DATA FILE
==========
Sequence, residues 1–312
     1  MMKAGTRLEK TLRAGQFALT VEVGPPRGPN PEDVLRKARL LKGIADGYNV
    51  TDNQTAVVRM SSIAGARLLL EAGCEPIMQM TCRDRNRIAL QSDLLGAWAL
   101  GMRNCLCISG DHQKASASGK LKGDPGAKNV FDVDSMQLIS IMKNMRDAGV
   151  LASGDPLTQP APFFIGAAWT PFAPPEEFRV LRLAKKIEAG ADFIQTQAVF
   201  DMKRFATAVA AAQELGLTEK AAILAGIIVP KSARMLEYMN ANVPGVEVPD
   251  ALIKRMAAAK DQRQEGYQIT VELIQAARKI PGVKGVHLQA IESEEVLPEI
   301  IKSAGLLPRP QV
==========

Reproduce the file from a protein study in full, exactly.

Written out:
Sequence, residues 1–312
     1  MMKAGTRLEK TLRAGQFALT VEVGPPRGPN PEDVLRKARL LKGIADGYNV
    51  TDNQTAVVRM SSIAGARLLL EAGCEPIMQM TCRDRNRIAL QSDLLGAWAL
   101  GMRNCLCISG DHQKASASGK LKGDPGAKNV FDVDSMQLIS IMKNMRDAGV
   151  LASGDPLTQP APFFIGAAWT PFAPPEEFRV LRLAKKIEAG ADFIQTQAVF
   201  DMKRFATAVA AAQELGLTEK AAILAGIIVP KSARMLEYMN ANVPGVEVPD
   251  ALIKRMAAAK DQRQEGYQIT VELIQAARKI PGVKGVHLQA IESEEVLPEI
   301  IKSAGLLPRP QV